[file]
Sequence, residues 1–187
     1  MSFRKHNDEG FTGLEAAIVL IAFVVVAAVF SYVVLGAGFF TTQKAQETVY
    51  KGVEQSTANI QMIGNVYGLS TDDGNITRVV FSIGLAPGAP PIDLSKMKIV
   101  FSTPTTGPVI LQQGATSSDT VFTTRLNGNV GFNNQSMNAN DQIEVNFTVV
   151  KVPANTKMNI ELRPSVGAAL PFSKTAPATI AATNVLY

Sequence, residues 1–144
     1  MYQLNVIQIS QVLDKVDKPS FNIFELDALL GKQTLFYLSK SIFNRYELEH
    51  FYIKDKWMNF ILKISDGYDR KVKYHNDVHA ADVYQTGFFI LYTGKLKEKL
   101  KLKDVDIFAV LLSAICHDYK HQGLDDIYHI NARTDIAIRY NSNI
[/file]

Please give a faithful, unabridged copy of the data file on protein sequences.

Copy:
Sequence, residues 1–187
     1  MSFRKHNDEG FTGLEAAIVL IAFVVVAAVF SYVVLGAGFF TTQKAQETVY
    51  KGVEQSTANI QMIGNVYGLS TDDGNITRVV FSIGLAPGAP PIDLSKMKIV
   101  FSTPTTGPVI LQQGATSSDT VFTTRLNGNV GFNNQSMNAN DQIEVNFTVV
   151  KVPANTKMNI ELRPSVGAAL PFSKTAPATI AATNVLY

Sequence, residues 1–144
     1  MYQLNVIQIS QVLDKVDKPS FNIFELDALL GKQTLFYLSK SIFNRYELEH
    51  FYIKDKWMNF ILKISDGYDR KVKYHNDVHA ADVYQTGFFI LYTGKLKEKL
   101  KLKDVDIFAV LLSAICHDYK HQGLDDIYHI NARTDIAIRY NSNI